There’s a secret tucked away in Ticonderoga, New York, in the southern end of the Adirondacks. An incredibly precise and loving recreation of the set of the Enterprise, crafted by referencing blueprints of the Desilu set, screenshots, personal interviews with Matt Jeffries, and all manner of behind-the-scenes sources, has turned a former department store on the sleepy mountain town’s main thoroughfare into a fan Mecca. Siterunner James Cawley, a professional Elvis impersonator with a yen for all things Roddenberry, enlisted the help of friends both inside and outside the film industry to create the set recreation to film fan episodes for his YouTube project, Star Trek: New Voyages.
My parents-in-law were among those building the sets, learning the ins and outs of filming a TV show, and appearing in episodes. Thanks to them introducing me to the set, I’m proud to say that I’ve also thrown my hand in and helped build it when I’ve had the chance to get up there.
Now, thanks to CBS looking to legitimize some of the fan ventures surrounding the franchise, the site has been licensed – not as a closed, working set, but now as a tour destination open to the public. It’s the centerpiece of the now annual Trekonderoga festival. Portions of the set are still under construction, notably the biolab, but in large part the Enterprise is fully functional in the most minute detail, right down to switchable jumpers in a lit-up electrical access panel in the hall.
I’d already spent a day at the studio earlier in the week, helping build a roof for a large display case and a wall for the dressing room. That’s when I heard that about a dozen writers of Star Trek novels and comics would be spending their Saturday at the set, taking a tour and then sitting at tables in the gift shop area to sign books and hang out together. This is a tight-knit group of authors who were brought together by their shared passion for Trek writing. How could I miss it?
I woke up early on Saturday and brought my eldest daughter with me to Ticonderoga, about a ninety-minute drive. By the time we got there, James was already leading the authors on their tour of the set, and they were having a blast. I could hear them ooh-ing, aah-ing, and laughing all the way from the hangar bay doors to the warp core. When they got to the bridge, I was worried that someone might need to be hauled out on a stretcher from having a faneurism*.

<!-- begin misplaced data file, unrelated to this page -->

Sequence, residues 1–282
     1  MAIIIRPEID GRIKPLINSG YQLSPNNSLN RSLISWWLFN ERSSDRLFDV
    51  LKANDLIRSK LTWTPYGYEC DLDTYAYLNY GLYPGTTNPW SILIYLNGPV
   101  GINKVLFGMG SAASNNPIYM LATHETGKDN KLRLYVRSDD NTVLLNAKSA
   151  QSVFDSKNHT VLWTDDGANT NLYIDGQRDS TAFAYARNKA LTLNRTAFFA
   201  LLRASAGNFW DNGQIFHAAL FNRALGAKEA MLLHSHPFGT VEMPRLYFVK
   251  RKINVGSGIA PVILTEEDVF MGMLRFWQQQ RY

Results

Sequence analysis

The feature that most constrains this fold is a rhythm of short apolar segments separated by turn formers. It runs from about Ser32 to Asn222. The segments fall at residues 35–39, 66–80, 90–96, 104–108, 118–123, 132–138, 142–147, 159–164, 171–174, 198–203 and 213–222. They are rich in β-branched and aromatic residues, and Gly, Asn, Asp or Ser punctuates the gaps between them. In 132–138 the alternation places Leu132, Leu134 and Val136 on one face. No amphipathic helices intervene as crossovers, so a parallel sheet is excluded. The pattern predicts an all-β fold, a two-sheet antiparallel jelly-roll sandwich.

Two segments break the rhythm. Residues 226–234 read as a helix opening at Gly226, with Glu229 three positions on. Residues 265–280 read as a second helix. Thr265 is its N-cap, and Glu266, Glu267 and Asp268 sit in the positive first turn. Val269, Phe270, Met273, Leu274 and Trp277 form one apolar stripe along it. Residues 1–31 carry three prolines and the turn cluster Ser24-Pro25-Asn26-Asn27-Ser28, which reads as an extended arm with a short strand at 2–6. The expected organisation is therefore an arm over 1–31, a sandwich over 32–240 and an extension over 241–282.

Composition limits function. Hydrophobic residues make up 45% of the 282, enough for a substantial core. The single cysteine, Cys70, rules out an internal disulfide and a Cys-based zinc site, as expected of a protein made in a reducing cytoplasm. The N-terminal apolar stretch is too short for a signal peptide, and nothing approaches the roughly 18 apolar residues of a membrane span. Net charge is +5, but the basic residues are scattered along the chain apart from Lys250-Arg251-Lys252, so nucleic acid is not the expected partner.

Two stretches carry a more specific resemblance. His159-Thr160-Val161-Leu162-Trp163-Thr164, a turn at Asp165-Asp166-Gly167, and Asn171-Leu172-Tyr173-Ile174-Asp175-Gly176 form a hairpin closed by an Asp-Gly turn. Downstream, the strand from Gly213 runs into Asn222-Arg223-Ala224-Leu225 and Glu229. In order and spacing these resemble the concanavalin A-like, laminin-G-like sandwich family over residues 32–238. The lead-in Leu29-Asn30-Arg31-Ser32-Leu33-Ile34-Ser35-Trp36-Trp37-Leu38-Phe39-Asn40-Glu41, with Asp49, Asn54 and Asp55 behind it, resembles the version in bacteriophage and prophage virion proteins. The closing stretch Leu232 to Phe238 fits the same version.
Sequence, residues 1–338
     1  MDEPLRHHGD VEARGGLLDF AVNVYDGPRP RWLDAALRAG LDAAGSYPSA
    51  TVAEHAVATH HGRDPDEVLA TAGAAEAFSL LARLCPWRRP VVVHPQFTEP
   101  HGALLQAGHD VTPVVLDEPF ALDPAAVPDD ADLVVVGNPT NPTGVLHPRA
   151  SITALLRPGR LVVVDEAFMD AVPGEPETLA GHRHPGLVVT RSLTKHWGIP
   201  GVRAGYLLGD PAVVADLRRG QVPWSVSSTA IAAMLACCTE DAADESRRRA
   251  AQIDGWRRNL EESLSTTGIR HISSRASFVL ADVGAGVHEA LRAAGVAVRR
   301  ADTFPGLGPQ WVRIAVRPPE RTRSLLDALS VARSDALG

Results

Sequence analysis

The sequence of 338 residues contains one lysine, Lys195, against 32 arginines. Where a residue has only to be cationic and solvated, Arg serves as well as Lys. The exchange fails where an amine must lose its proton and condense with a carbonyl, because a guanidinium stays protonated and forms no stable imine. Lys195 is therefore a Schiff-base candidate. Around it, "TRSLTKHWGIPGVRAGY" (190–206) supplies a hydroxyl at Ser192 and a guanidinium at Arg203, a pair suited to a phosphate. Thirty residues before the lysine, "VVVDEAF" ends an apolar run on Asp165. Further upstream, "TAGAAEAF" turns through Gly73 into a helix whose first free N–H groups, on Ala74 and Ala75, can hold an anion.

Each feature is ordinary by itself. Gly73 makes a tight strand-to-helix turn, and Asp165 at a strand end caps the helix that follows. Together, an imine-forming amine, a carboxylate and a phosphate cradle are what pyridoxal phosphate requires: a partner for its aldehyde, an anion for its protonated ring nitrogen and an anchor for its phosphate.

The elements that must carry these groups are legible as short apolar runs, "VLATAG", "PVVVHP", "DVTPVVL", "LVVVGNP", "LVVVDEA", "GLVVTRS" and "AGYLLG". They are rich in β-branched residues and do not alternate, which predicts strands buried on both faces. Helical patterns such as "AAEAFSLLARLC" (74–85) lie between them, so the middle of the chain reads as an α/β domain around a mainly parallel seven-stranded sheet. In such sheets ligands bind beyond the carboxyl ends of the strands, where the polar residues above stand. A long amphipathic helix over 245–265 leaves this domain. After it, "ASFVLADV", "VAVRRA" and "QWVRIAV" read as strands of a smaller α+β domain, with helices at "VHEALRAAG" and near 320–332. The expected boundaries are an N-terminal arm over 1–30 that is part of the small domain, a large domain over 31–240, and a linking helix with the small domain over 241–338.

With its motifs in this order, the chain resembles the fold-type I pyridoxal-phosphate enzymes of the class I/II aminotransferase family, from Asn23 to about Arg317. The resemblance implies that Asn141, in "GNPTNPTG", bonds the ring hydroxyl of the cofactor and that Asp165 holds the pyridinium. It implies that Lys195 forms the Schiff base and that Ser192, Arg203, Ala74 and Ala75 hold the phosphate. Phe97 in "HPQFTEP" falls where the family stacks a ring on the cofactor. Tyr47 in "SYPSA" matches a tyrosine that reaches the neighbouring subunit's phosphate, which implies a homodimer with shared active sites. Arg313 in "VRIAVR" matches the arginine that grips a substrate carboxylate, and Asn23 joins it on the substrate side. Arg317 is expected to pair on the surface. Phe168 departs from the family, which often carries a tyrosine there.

My daughter and I joined a general-public tour group guided by her grandmother. It’s always nice to wander through the set and remember straining my arms to hold up one of the four overhead arches in the conference room while the construction team scurried to secure the crossbeam, or to try to figure out which of the flats in McCoy’s office I had bled on. (Yeah, the construction crew folks are all part of the set in literal terms.) After that, we hit the local lunch counter. When we returned, the writers were all set up.
All of the writers were outgoing, engaging, and generally fantastic people. My daughter is shy, but they put her at ease and made her feel at home. We ended up buying seven books and got them all signed, including an anthology that now has half a dozen signatures inside.
Several authors were kind enough to talk to me about working with a licensed franchise, in particular David Mack, Dayton Ward, and Kevin Dilmore. I had a brief fanboy moment when I saw Michael J. Friedman. I know his work from his novelization of the TNG finale, “All Good Things…”. I read the book before I had an opportunity to see the episode, and when I finally watched the finale, I felt like there was something missing, because the book was so much fuller and richer. Friedman showed me that you can work new magic even if you’re telling a story that’s already been told before. Keith DeCandido was a larger-than-life presence who made sure that all the authors knew how to spell my daughter’s name when they were signing the anthology he edited, Tales of the Dominion War (my daughter has a thing for DS9, and so do I). Robert Greenberger happily talked about his Trek work, but it wasn’t until I looked him up later that I realized he was such a powerhouse in all kinds of geek culture.
In fact, that goes for most of the authors who were there. Almost all of them are major players across multiple fan streams, and many of them have editorial experience. Several of them have worked in writers’ rooms as well as writing individual episodes for TV series. Everyone was so personable that I had no idea that I was in a room full of giants. Well, except for Glenn Hauman, because that guy’s, like, eight feet tall. Very genial. Eye to eye with Darth Vader.
Finally, I also got the awesome opportunity to talk to Jordan Hoffman, who brought ENGAGE: The Official Star Trek Podcast to the studio. He was kind enough to answer some of my questions about podcasting and being licensed. Like everyone else there, Jordan was down-to-earth and affable.
It was an amazing time, and I’m grateful to all the authors and casters who showed up, supported the studio, and were willing to talk to my daughter and me.
*I was hoping that I’d be the first to coin that word, but a quick Google search shows that I’m just late to the party. Damn.